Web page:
John Staluppi Sr. says he has no immediate plans to retire. But the megadealer went on the hunt this year for an equity partner for his dealership group, one of the nation’s largest.
Staluppi, 73, found that partner in LMP Automotive Holdings Inc., of Fort Lauderdale, Fla., a vehicle subscription provider and used-vehicle seller that is trying to become a major public new-vehicle retailer. LMP announced this month it would buy a majority stake in Staluppi’s Atlantic Auto Group of New York.
The tie-up could provide Staluppi access to capital to expand Atlantic, which he said he will still oversee.
“My main focus was that I would continue to be the dealer operator, dealer principal and continue running the company,” Staluppi told Automotive News. “Otherwise, it wouldn’t make sense to me.”
Atlantic represents a large chunk of Staluppi’s namesake Staluppi Auto Group. LMP agreed to pay $425.6 million for a 70 percent stake in Atlantic and its 17 dealerships, plus a related logistics company. The deal, which values Atlantic at $608 million, is expected by LMP officials to close by sometime in January, but it must first clear automaker, financing and other approvals.
Staluppi Auto Group also includes stores owned by John Staluppi Jr. that are not part of the transaction. Staluppi Auto Group ranks No. 9 on Automotive News’ list of the top 150 dealership groups based in the U.S., with retail sales of 62,570 new vehicles in 2019.
The deal, if completed, would give Atlantic access to a new e-commerce platform and a vehicle subscription business operated by LMP. Staluppi said he’d been eyeing a subscription service for his group and found LMP’s offering an added benefit.
Immediate growth also is on the horizon for Atlantic, which has several stores under construction that are expected to open by year end. At that point, Staluppi said, Atlantic will operate 21 dealerships. Those new points are included in the deal with LMP, Atlantic CFO Robert Dito told Automotive News. Staluppi said he expects Atlantic’s net income for 2020 will jump by $15 million.
Future dealership acquisitions under the Atlantic banner are possible. LMP CEO Samer Tawfik said this month that LMP, which went public in December 2019, intends to roll up more dealerships through Atlantic.
The acquisition agreement furthers LMP’s aggressive growth goals. The small company, which had $17.7 million in cash on hand at the end of June, has said it aims to acquire as many as 50 new-vehicle stores by next fall. It currently owns none.
Since July, LMP has announced deals to buy all or part of nine franchised dealerships and three used-vehicle stores in four states for a total of about $120 million. Those acquisitions are expected to close starting at the end of November, LMP executives said this month.
If those previously announced purchases and the deal with Staluppi are finalized, LMP would have a total of 26 franchised dealerships, not including the Atlantic stores under construction. Tawfik said this month that LMP plans to add 30 to 40 stores in 2021.
The Atlantic dealerships and logistics business are expected to contribute to LMP an estimated $1.6 billion in revenue and $38 million in net income on an annualized basis in 2021, LMP said. Atlantic Auto is expected to generate about $52 million in net income overall in 2021, according to Dito.
The deal calls for Staluppi to retain ownership of Atlantic’s real estate, which LMP will lease for five years, Staluppi said.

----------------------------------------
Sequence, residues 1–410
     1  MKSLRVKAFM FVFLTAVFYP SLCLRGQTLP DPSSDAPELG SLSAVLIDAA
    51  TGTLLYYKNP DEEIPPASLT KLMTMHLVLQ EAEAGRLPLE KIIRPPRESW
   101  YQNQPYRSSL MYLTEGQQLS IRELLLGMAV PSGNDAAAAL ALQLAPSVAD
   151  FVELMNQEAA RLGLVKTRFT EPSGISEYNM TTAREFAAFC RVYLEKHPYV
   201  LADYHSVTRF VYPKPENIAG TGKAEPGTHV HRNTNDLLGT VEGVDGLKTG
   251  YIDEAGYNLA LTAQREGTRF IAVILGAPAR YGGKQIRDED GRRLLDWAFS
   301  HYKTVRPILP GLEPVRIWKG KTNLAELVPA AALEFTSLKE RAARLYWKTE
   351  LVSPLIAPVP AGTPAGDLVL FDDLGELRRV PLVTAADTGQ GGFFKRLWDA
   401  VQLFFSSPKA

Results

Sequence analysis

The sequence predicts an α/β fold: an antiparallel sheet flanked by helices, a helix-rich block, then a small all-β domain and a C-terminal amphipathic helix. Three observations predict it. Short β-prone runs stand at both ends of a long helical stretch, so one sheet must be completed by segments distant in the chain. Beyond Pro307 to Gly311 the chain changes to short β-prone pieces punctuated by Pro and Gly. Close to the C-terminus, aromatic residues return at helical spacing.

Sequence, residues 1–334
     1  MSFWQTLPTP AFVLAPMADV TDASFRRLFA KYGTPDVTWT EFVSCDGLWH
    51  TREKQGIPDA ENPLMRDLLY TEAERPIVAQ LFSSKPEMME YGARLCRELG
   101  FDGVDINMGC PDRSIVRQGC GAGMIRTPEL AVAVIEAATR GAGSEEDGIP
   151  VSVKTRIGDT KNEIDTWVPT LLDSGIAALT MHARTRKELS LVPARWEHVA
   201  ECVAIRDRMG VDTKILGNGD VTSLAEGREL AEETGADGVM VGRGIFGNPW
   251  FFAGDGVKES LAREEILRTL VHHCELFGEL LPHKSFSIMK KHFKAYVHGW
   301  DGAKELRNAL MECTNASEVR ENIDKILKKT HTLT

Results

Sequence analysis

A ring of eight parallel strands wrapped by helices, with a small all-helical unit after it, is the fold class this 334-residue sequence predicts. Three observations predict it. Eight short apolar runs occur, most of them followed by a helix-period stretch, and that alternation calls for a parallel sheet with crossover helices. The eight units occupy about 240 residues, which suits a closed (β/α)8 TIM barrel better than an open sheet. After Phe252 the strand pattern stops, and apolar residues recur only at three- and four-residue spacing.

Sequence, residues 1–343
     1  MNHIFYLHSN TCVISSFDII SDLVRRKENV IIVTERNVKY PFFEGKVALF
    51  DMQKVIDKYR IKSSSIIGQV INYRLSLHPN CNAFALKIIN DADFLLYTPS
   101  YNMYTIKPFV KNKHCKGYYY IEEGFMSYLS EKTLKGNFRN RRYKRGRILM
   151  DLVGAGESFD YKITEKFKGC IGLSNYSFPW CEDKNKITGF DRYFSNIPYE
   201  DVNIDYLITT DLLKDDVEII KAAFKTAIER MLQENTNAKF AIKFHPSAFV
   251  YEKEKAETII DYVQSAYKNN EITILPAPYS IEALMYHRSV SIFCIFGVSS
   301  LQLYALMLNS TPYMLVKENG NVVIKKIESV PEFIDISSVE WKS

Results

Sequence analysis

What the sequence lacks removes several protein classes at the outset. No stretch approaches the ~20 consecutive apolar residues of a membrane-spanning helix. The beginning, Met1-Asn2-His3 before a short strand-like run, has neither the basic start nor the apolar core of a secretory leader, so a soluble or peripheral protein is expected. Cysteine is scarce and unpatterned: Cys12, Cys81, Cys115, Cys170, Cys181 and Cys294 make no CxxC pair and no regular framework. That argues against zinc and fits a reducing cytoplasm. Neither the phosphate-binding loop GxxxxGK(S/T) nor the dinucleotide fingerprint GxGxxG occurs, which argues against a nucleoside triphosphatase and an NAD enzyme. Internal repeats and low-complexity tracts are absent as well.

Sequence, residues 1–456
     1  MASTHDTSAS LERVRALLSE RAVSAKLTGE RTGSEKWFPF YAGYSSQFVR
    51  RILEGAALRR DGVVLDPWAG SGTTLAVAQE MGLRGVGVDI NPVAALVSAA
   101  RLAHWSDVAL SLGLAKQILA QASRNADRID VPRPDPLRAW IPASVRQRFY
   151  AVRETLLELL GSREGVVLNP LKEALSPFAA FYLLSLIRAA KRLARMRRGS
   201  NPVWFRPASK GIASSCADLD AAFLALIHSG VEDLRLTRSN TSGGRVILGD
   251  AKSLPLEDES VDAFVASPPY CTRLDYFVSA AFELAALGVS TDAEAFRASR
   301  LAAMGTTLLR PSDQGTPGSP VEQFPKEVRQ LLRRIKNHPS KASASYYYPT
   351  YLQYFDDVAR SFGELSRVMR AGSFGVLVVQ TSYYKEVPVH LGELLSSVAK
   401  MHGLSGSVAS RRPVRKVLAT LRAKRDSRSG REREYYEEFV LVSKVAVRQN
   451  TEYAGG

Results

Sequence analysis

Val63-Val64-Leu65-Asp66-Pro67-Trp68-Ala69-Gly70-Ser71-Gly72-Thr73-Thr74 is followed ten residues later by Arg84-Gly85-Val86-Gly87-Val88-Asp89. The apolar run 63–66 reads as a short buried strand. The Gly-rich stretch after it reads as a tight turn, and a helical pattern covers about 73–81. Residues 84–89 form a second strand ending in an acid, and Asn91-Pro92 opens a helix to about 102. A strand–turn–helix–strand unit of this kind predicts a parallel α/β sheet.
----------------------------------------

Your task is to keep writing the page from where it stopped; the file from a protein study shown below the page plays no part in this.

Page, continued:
Tawfik told Automotive News that Staluppi plans to provide financing of $50 million for the transaction. Another about $140 million would come from a combination of corporate debt and the issuance of stock. The rest, he said, would likely be funded through working capital and/or loans taken out against the blue-sky value of individual dealerships. Blue sky is the intangible value of a dealership, including goodwill.
Tawfik said LMP could issue up to 2 million shares of stock to help pay for acquisitions. The company has about 9.9 million shares outstanding now.
LMP’s stock has risen substantially since Aug. 14, when it closed at $7.40 a share. It closed at $39.01 at the end of two days of trading after the announcement of the deal with Stalupppi. It has since fallen about 32 percent, closing out last week at $26.59.
The volatility in the share price has drawn questions from posters on stock-tracking websites such as Yahoo Finance about LMP’s business model and how it would secure the funding necessary to close on its announced acquisitions.
Sheldon Sandler, CEO of Bel Air Partners, a buy-sell advisory firm in Hopewell, N.J., wrote a piece about LMP last week that he shared with some 800 contacts. In it, Sandler said LMP faces “a lot of hurdles ahead” and would likely issue stock to help fund acquisitions and then use profits from the acquired dealerships to repay the debt taken on to buy Atlantic. He likened the approach to Wayne Huizenga’s vision in the 1990s when he built up AutoNation Inc., now the largest new-vehicle retailer in the U.S.
“Although starting modestly, LMP has big plans and sounds awfully like Huizenga’s blueprint,” Sandler wrote. “It’s paying substantial premiums for good, profitable dealerships largely because cheap debt and a flourishing stock market can make it all happen.”
Tawfik started LMP in late 2017 with a model centered around a “flexible lease” subscription offering.
If all of LMP’s planned acquisitions close, the company could have an estimated $2.2 billion in revenue on an annualized basis in 2021. The deals also would expand its employee count to more than 1,600 from 30 people today. LMP said it expects to earn about $70 million in annual pretax income from the various acquisitions.
“Atlantic is a trophy asset,” Tawfik said this month in a call with investors. “We believe this asset is practically impossible to duplicate.”